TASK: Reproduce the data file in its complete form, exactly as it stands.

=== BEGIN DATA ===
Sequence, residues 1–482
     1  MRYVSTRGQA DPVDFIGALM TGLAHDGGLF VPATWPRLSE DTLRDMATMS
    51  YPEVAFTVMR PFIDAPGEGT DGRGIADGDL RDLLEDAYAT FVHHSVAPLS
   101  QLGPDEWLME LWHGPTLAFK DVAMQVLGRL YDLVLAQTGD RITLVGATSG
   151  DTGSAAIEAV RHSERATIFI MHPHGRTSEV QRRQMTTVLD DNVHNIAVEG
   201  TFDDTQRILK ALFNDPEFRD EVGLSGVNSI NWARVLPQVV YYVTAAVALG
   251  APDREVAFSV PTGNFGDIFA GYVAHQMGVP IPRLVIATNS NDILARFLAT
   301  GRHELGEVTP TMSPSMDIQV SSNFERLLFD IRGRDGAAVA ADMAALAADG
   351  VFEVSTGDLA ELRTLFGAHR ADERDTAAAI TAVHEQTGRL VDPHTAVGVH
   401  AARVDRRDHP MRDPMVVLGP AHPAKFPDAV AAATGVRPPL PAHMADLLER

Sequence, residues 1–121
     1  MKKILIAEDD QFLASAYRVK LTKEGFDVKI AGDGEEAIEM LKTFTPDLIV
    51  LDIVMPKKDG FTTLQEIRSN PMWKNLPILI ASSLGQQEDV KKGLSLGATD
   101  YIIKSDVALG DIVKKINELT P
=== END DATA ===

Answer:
Sequence, residues 1–482
     1  MRYVSTRGQA DPVDFIGALM TGLAHDGGLF VPATWPRLSE DTLRDMATMS
    51  YPEVAFTVMR PFIDAPGEGT DGRGIADGDL RDLLEDAYAT FVHHSVAPLS
   101  QLGPDEWLME LWHGPTLAFK DVAMQVLGRL YDLVLAQTGD RITLVGATSG
   151  DTGSAAIEAV RHSERATIFI MHPHGRTSEV QRRQMTTVLD DNVHNIAVEG
   201  TFDDTQRILK ALFNDPEFRD EVGLSGVNSI NWARVLPQVV YYVTAAVALG
   251  APDREVAFSV PTGNFGDIFA GYVAHQMGVP IPRLVIATNS NDILARFLAT
   301  GRHELGEVTP TMSPSMDIQV SSNFERLLFD IRGRDGAAVA ADMAALAADG
   351  VFEVSTGDLA ELRTLFGAHR ADERDTAAAI TAVHEQTGRL VDPHTAVGVH
   401  AARVDRRDHP MRDPMVVLGP AHPAKFPDAV AAATGVRPPL PAHMADLLER

Sequence, residues 1–121
     1  MKKILIAEDD QFLASAYRVK LTKEGFDVKI AGDGEEAIEM LKTFTPDLIV
    51  LDIVMPKKDG FTTLQEIRSN PMWKNLPILI ASSLGQQEDV KKGLSLGATD
   101  YIIKSDVALG DIVKKINELT P